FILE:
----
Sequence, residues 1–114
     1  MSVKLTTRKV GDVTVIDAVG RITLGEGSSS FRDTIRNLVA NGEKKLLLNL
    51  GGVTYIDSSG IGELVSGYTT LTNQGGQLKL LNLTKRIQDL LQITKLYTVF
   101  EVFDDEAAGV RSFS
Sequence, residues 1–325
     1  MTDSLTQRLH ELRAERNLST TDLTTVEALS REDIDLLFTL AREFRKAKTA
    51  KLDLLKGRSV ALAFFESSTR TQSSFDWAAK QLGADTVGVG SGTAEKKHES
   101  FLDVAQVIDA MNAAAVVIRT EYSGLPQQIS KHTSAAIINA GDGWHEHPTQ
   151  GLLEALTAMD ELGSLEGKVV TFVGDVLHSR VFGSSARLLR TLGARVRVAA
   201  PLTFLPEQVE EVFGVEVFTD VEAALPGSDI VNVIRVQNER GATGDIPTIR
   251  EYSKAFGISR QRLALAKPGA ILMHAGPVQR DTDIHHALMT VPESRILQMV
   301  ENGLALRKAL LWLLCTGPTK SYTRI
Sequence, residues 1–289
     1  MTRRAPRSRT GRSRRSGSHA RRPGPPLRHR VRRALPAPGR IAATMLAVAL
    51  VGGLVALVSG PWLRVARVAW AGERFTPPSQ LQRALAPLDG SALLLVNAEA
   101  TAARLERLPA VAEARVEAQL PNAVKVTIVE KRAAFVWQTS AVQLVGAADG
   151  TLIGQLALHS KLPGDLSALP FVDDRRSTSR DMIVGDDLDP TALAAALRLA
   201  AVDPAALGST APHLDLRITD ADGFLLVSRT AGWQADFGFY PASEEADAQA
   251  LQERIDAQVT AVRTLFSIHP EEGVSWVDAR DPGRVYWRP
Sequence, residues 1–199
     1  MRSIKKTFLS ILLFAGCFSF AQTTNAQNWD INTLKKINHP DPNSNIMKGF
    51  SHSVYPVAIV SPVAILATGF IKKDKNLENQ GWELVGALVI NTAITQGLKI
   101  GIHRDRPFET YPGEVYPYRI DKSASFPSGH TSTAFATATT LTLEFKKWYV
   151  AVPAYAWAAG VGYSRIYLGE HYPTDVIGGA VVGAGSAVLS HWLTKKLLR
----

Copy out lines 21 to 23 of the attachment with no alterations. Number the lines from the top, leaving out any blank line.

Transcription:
     1  MRSIKKTFLS ILLFAGCFSF AQTTNAQNWD INTLKKINHP DPNSNIMKGF
    51  SHSVYPVAIV SPVAILATGF IKKDKNLENQ GWELVGALVI NTAITQGLKI
   101  GIHRDRPFET YPGEVYPYRI DKSASFPSGH TSTAFATATT LTLEFKKWYV